Friday, September 28, 2012

Malaysia Day 2012

I didn't go on my usual Merdeka pilgrimage this year. So it seemed fitting that I should head back to that place, that confluence, where Kuala Lumpur was born—where, in some ways, I learnt to live—on Malaysia Day.

And this time I went with a very special friend from Miri, V.

It began at 2.30 a.m. in KL Sentral, where I waited for V:

"I'm doing the atmospheric thing, sitting in a barely-lit café in a nary-lit station, soft rock music playing, steam from my teh-o rising into the void."

And then 'Kite' played—in Burmese! And what serendipity, the exchange with Simon.

I've seen countless photographs of those prayer coils, but never of the photographers who take those pictures. Huang Di temple, Jalan Tun H.S. Lee.

Rising over the trees, the flag at Dataran Merdeka, the DBKL building, and the Sultan Abdul Samad building. I've always liked the wildness of KL, and I still imagine a possible future in which we come to terms with our identity as a tropical city and bring back the power of green spaces and mighty trees.

It doesn't help that the row of trees in front of Taman Midah has been cleared. And yet, I still hold out hope.

Betel leaf (sirih) vendor, somewhere near Lebuh Pasar Besar.

Seeing all this bloody meat reminded me of a letter F. Scott Fitzgerald wrote, which V told me about. Read it at this link.

You've got to sell your heart, your strongest reactions, not the little minor things that only touch you lightly, the little experiences that you might tell at dinner [...] It was necessary for Dickens to put into Oliver Twist the child's passionate resentment at being abused and starved that had haunted his whole childhood. Ernest Hemingway's first stories "In Our Time" went right down to the bottom of all that he had ever felt and known. In "This Side of Paradise" I wrote about a love affair that was still bleeding as fresh as the skin wound on a haemophile.

[L]iterature, even light literature, will accept nothing less from the neophyte. It is one of those professions that wants the "works." You wouldn't be interested in a soldier who was only a little brave.


What will we make of the past that secretly crumbles within us while we think we have moved on?

Hanging drink, yet again.

The last leg that evening was unphotographed. But it was a journey, a conversation, I will not forget.

* * *

Postscript—observations on 28 Sept:

KL remains an elusive and perplexing city. Here, just across the river from the Dang Wangi LRT station lies a kampung house.

Beneath the 'stilts', at that ground level of all kampung houses, the residents of the house (presumably) run a gerai/warung.

View of the kampung house from the bridge across the river.

Of all things—coconut trees and bananas in the heart of KL. For this, among other reasons, I've always felt that this city is alive.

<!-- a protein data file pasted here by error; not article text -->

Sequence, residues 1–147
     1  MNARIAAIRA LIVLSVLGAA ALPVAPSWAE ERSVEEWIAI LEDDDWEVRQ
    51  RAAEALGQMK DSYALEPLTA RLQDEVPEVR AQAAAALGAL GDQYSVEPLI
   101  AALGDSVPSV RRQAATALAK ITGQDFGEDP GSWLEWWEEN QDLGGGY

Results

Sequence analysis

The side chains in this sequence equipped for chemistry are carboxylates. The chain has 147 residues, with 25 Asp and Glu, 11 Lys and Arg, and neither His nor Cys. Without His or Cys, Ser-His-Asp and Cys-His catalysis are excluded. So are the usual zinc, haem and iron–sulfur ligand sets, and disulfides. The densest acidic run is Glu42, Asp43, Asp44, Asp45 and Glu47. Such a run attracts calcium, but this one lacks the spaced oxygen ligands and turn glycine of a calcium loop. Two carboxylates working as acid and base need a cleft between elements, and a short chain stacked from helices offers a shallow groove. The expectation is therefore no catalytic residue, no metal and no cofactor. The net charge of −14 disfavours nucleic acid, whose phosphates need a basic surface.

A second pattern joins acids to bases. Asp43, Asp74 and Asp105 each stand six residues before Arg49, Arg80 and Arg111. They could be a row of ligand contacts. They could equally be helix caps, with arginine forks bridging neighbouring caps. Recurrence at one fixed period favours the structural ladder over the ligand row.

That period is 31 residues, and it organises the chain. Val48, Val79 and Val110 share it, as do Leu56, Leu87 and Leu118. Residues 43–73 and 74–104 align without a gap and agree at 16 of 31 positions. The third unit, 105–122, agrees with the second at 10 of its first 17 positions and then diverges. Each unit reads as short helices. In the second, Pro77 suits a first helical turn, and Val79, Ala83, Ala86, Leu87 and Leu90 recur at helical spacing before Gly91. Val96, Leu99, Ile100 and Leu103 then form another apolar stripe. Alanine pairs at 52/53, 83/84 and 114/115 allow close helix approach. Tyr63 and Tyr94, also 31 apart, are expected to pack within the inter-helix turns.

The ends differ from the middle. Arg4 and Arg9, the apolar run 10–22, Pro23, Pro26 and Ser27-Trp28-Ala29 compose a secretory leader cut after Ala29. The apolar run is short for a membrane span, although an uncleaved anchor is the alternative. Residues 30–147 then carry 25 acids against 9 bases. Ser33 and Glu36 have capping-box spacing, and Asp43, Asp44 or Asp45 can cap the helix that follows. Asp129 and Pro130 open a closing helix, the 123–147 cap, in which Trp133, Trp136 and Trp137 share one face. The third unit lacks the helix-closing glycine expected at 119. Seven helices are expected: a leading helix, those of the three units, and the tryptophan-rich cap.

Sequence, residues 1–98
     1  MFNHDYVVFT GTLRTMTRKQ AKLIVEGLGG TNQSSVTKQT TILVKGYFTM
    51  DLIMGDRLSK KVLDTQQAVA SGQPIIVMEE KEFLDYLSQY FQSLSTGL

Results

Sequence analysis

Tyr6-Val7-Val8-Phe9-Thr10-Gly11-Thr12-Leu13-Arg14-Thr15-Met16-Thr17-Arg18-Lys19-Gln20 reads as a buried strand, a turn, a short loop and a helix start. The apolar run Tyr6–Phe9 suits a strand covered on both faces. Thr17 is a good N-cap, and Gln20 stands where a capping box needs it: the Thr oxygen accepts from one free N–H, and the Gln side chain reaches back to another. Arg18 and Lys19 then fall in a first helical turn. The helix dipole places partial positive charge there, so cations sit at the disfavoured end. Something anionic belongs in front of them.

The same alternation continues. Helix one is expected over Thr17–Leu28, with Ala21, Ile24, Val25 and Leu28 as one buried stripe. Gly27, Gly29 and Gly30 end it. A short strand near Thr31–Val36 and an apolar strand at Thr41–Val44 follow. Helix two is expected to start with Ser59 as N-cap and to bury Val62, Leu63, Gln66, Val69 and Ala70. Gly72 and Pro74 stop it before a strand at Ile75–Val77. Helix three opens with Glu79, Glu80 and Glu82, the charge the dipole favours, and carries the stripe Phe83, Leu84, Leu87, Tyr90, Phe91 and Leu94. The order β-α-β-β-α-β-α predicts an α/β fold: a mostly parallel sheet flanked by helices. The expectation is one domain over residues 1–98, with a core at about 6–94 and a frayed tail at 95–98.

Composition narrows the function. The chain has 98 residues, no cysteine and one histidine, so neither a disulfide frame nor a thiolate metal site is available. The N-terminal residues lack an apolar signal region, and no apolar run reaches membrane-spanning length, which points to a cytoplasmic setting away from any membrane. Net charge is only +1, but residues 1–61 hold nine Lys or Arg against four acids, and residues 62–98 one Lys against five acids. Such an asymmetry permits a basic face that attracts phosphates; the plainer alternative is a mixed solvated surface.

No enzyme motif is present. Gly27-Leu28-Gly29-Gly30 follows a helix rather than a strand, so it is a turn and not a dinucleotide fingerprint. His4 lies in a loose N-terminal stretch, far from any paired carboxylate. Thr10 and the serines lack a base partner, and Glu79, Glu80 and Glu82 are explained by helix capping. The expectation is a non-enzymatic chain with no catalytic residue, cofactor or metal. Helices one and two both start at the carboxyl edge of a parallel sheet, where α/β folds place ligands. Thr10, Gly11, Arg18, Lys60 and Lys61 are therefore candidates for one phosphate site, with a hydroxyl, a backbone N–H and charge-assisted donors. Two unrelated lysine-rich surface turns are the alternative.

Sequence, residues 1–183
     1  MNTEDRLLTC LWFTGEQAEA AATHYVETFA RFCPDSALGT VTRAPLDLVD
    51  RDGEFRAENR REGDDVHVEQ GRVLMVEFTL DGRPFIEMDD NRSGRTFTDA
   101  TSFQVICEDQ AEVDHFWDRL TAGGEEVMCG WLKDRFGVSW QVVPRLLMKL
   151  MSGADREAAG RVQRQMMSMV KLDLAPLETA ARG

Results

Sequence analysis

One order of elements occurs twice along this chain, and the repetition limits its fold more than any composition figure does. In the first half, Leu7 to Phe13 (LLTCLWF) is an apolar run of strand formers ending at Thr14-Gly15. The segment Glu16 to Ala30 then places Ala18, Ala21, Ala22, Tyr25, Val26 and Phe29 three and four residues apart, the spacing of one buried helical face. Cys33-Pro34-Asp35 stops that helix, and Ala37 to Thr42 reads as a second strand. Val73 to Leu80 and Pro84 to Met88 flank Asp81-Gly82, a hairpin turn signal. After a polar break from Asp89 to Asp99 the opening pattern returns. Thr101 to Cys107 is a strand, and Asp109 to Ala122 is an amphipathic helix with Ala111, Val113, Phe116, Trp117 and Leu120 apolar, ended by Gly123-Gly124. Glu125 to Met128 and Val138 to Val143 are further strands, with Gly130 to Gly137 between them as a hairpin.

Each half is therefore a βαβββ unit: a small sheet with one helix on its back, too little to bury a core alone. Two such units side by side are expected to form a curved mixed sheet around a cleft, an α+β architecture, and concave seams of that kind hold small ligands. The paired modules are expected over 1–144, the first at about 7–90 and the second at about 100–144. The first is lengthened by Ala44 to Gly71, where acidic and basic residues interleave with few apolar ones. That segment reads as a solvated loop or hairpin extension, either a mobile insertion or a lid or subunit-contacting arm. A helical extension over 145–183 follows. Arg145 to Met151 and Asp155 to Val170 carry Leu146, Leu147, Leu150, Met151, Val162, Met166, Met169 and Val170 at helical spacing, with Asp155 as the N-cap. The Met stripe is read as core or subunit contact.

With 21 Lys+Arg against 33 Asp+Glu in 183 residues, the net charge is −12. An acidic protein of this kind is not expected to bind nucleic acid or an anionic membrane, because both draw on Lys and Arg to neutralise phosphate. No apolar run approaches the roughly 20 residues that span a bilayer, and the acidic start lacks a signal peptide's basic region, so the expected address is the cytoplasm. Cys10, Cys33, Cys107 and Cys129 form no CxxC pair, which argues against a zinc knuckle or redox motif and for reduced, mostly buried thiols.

While I appreciate some 'upgrades' and changes, like the integration of the numerous train lines (STAR, PUTRA and Monorail), so much of the city is being transformed into the image of the big cities of the North and the West.

KL, as it is, probably has more trees than Osaka—but we don't feel the heat in the Japanese cities because of the climate there. When will our town planners realise that KL can never—must never—become like New York, or London, or Tokyo, or Paris? Let us seek our identity here in this land, designing the city that it may serve her inhabitants and give life to them.

Happy 49th Malaysia Day. We turn 50 next year—what would we be able to say of our country then? The answer lies in every decision we make today.

1 comment:

siedne said...

It's interesting that you mention KL's city planning, as I am currently taking a class on cities in the global south (not geographically, but more in terms of developing countries. KL is included in our study!) KL has a long way to go before it can come close to being comparable to cities in the West or North. NYC? By just comparing the transportation planning of both cities, KL is not even close. Yet I can see that same aspiration for modernity that you observe with the way KL is changing. KL displays typical characteristics of haphazard planning, inefficient politics and unmet needs of the people resulting to slums, which are common in many up and coming cities.

One good take home from this class is that the planners must to look into the needs of the community and engage participatory planning in order for a city to truly grow and be sustainable; do away with flashy architecture and static concrete, we need to focus on the people's needs to make KL's uniqueness truly shine. Semangat rukuntetangga, if you will. How interesting that we learnt this in primary school (Pendidikan Moral!) but gave it up for flashy buildings and superficial achievements, eh?